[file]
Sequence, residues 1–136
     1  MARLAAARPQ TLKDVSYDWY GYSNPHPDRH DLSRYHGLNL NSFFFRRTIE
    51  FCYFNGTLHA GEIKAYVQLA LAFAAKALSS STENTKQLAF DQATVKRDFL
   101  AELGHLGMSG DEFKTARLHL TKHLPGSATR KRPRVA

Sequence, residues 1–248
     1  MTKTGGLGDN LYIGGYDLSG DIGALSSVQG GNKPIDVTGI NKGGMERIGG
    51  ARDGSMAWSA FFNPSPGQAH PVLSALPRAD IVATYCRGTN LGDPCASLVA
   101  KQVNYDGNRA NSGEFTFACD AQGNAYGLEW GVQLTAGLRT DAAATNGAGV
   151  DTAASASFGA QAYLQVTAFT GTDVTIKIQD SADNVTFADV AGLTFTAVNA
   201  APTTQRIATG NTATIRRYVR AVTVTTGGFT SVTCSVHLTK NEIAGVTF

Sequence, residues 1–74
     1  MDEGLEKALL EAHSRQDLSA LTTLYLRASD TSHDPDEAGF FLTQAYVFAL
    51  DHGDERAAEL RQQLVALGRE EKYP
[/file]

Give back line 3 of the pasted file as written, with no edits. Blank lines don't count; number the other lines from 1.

    51  FCYFNGTLHA GEIKAYVQLA LAFAAKALSS STENTKQLAF DQATVKRDFL